After we talked to Schuyler's teachers, we discussed what was happening, and why things are different now. This school district is one of the best in the state, and Schuyler moved up from one excellent school to another. What's different now? It's an important question. Here are a few thoughts.
Schuyler loves change, and middle school was a huge one. Many special needs kids thrive on routine; Schuyler is almost the opposite. She still needs a lot of structure, but it's a little like eating her vegetables. She's energized by new faces and new places, and every day in middle school provides plenty of both. Even when it trips her up (and it does frequently), the chaos also excites her.
Schuyler's new teachers are looking for her possibilities, not her limits. There is very little "I don't think she can do this" talk going on with her teachers. When modifications are needed, they are made, but they are rarely a starting point.
Her band director in particular is working hard to keep Schuyler on par with her fellow percussionists, and the payoff is Schuyler's bursting joy when she finds herself playing just like everyone else. This week, Schuyler was playing one part of an ensemble piece by herself while her classmates played different parts. When she realized that she was the only person playing the second marimba line, AND she was playing it exactly right, Schuyler apparently lost her mind with happiness.
The result of this new confidence is that she's speaking up in band class more, and approaching the director more frequently. And the director was happy to note that she can understand what Schuyler says.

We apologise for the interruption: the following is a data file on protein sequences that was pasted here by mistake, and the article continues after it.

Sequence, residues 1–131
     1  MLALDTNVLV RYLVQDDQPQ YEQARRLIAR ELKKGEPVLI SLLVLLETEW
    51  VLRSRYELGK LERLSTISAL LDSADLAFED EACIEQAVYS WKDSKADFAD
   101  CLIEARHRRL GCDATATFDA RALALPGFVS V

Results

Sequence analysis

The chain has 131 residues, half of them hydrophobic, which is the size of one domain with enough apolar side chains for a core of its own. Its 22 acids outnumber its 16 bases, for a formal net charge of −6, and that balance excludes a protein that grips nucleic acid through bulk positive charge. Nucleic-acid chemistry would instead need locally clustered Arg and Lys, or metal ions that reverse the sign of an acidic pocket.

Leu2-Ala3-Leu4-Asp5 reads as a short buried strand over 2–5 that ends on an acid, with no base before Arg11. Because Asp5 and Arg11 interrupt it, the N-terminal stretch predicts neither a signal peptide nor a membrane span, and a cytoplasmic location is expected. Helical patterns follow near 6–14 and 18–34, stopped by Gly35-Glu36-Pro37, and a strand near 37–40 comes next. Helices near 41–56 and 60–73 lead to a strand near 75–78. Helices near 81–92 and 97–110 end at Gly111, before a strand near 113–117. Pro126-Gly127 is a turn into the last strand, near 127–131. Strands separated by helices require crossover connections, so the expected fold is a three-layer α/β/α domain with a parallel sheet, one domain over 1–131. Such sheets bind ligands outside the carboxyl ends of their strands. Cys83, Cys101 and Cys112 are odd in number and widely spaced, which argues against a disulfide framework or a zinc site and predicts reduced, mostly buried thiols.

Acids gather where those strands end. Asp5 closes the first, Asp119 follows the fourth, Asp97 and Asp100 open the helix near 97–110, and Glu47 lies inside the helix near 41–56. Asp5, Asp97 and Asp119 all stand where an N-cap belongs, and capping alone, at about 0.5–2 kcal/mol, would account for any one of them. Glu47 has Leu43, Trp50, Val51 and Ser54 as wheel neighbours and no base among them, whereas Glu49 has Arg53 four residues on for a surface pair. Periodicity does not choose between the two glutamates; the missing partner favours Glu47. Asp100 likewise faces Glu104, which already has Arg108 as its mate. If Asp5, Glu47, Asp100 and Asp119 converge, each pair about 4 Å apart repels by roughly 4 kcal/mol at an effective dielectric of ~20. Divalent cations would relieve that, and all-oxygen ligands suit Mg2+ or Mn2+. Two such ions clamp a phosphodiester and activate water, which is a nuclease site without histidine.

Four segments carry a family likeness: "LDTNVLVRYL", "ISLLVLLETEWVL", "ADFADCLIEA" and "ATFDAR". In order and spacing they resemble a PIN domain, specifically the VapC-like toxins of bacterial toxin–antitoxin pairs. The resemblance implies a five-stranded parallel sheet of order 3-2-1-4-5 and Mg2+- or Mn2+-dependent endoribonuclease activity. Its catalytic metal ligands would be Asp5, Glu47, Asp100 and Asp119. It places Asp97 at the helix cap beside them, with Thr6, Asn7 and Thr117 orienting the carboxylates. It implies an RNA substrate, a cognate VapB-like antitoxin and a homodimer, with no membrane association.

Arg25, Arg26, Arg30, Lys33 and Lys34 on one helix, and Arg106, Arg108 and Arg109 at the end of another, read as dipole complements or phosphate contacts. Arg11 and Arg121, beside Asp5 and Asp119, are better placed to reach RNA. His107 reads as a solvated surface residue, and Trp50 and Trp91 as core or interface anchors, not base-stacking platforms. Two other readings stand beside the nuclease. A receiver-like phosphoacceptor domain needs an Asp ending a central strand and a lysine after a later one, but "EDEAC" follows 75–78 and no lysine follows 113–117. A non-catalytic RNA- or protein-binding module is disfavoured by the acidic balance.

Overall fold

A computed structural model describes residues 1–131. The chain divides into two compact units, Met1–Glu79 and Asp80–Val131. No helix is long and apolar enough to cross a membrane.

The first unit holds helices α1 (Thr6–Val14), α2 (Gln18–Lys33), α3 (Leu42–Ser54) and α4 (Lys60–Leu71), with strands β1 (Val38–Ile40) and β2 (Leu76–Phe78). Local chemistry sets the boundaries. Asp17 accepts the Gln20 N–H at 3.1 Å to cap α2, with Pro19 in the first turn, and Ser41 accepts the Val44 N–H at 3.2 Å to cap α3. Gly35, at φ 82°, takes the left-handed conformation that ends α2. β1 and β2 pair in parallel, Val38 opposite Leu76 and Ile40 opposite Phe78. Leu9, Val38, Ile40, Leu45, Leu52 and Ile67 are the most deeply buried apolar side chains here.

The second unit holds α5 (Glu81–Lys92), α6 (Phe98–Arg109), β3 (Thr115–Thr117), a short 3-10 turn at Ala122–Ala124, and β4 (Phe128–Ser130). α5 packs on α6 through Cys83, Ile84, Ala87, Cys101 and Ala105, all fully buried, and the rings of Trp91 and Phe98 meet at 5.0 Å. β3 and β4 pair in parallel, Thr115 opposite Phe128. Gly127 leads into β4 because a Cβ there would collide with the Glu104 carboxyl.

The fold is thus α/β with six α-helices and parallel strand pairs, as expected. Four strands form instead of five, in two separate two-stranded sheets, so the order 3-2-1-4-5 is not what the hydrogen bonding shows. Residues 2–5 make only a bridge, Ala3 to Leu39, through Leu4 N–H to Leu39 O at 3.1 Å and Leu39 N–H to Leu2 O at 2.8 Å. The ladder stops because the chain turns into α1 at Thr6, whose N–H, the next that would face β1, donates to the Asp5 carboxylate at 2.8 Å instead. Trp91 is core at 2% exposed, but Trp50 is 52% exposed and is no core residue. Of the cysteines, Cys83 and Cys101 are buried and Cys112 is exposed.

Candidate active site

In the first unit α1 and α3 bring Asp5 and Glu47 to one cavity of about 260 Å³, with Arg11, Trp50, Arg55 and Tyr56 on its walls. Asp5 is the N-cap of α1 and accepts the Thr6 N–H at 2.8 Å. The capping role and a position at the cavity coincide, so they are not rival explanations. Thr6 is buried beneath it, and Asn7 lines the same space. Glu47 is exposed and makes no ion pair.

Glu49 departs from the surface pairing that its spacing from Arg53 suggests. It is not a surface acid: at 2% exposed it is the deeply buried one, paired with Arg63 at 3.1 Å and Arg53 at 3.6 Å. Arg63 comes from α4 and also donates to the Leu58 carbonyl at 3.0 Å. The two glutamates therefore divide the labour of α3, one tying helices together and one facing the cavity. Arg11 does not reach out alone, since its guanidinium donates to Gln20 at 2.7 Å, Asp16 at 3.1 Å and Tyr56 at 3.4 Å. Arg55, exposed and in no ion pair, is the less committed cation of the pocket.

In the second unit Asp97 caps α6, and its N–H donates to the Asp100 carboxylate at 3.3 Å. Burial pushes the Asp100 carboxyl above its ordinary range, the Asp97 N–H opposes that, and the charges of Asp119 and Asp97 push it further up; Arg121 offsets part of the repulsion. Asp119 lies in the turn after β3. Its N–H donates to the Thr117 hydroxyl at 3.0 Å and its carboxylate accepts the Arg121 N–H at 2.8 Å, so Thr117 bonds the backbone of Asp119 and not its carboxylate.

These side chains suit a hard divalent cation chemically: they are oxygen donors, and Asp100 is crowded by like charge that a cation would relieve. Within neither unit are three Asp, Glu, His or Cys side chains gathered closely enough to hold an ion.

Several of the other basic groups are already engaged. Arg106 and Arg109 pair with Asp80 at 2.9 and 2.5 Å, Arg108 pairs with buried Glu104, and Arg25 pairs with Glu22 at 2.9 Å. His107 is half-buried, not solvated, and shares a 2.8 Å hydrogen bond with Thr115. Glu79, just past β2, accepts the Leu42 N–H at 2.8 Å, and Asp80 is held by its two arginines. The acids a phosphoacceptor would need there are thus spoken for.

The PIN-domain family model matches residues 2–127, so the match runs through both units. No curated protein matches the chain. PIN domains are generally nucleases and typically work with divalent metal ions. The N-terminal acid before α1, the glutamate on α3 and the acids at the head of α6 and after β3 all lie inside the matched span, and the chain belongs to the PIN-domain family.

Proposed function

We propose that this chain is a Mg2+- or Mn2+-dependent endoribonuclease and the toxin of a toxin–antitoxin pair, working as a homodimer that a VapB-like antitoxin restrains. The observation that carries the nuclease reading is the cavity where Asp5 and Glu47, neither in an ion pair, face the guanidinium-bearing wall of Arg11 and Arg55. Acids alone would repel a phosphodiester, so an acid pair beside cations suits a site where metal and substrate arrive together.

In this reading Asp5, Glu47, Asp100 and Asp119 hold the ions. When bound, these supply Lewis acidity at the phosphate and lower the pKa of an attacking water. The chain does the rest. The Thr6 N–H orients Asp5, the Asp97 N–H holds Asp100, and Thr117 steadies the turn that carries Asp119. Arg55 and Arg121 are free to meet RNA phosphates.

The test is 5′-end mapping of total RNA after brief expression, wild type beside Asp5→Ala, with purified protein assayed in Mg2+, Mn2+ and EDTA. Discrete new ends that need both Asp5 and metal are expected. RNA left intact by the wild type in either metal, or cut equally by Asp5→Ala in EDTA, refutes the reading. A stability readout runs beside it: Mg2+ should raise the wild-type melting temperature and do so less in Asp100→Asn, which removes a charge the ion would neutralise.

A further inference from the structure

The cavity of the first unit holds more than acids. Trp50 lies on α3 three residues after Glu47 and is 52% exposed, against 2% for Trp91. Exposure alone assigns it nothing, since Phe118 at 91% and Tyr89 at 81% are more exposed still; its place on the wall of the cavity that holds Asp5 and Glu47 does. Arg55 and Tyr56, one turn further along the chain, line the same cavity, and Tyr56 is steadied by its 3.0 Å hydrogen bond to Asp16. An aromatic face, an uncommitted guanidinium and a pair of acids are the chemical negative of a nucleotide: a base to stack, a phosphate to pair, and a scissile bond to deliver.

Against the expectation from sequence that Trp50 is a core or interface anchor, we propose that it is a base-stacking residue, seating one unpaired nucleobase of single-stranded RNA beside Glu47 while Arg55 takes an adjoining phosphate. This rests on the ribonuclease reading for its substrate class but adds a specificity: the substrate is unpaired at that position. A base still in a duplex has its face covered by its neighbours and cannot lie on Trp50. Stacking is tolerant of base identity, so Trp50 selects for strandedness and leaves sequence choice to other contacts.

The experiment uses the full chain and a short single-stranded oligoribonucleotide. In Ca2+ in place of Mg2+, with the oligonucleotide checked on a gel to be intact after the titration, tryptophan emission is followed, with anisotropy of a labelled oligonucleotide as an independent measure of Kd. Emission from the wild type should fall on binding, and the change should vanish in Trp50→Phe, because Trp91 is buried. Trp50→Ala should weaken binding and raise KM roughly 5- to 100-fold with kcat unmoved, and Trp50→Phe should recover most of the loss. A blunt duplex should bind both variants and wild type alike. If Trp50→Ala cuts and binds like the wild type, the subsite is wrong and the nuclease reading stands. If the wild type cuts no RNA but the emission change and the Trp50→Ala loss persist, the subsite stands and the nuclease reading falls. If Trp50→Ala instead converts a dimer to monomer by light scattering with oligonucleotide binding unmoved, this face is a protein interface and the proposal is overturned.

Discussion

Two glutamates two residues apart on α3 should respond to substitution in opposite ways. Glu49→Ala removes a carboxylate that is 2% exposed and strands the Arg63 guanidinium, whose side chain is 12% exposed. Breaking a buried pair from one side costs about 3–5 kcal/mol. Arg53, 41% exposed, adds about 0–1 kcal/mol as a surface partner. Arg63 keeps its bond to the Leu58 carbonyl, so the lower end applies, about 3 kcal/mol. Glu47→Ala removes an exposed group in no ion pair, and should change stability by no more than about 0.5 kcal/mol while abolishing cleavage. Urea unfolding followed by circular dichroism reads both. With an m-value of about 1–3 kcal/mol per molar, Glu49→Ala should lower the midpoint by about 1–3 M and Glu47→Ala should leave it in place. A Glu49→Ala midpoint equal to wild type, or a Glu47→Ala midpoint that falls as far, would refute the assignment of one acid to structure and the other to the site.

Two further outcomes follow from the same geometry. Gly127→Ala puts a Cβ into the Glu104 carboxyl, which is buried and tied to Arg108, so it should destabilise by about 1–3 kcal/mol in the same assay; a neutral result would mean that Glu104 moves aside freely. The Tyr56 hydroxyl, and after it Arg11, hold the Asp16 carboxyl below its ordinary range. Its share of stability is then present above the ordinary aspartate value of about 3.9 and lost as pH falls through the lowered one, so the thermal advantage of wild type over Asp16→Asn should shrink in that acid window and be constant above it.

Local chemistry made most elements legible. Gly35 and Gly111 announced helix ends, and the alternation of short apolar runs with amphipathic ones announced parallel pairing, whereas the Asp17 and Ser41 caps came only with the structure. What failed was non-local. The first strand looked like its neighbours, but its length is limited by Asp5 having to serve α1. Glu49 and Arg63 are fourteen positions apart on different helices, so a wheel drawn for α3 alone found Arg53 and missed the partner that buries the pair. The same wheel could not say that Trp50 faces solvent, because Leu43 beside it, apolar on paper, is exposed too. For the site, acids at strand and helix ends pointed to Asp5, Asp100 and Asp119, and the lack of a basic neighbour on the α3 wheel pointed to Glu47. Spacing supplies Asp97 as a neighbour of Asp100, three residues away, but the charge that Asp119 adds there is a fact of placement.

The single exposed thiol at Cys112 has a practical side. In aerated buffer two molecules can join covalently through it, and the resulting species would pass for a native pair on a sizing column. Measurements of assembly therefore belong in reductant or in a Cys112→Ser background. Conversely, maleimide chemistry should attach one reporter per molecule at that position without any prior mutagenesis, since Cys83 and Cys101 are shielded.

There it is again: People are understanding Schuyler's communication. When I type that out, something stirs in the center of me, like a dream I dare not acknowledge, the idea that Schuyler is making herself understood without her speech device. When she first began using an AAC device, that was very much NOT the case. She was almost completely unintelligible, and the reaction she got from the world was predictable. Schuyler isn't communicating; her value is therefore diminished.
Well, I believe she WAS communicating. But she wasn't being heard. Certainly not by her teachers back in Austin, and probably not by her family either, not entirely. After six years of verbal modeling with her speech device and the language skills that it helped to teach and re-enforce, Schuyler is seen as a person whose speech is hard to understand, perhaps, but there and waiting to be unlocked. It's still hard work, for her and for the world around her, but she's making it happen. Every day, in ways large and small, Schuyler is gradually taking the wheel.
Schuyler's teachers are excited about working with her, and they are learning how to teach her. I think that's the most important factor with her recent success. It's not just that they are good teachers, although they clearly are excellent educators. She's been failed by more than one good teacher in the past, at previous schools. Now, however, I feel like they are searching for Schuyler's potential, not her ceiling.
Most of her teachers have stayed in close contact with us, keeping us informed of her progress and just how that progress is being made, and asking questions when she stumbles. I can feel their pride when they reach her. Schuyler can be a puzzle, and a challenge, and if you think of her that way rather than focusing on what she can't do, then you start to find her pathways to learning. I feel like that's happening now.
Will it last? Schuyler is a lot of work for teachers, and her middle school experience is just beginning. We've certainly watched as a dream situation has soured in the past. But we dare to hope, because that's what we do. And we dare to believe in someone besides Schuyler, and in all the possibilities that her new school seems to be unlocking.
So in this season of gratitude, I am thankful for Schuyler's new teachers, and her new school life, and the new pathways that are opening up for her, even if they still lead off into a foggy future.